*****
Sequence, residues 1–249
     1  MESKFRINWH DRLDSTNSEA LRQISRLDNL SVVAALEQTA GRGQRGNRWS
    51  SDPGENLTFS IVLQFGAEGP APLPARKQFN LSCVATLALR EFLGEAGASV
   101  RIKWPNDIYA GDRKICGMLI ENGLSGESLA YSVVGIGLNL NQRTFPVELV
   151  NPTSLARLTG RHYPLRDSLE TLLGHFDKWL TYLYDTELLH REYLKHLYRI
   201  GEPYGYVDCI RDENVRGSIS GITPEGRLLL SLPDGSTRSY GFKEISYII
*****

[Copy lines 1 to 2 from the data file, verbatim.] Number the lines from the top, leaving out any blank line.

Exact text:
Sequence, residues 1–249
     1  MESKFRINWH DRLDSTNSEA LRQISRLDNL SVVAALEQTA GRGQRGNRWS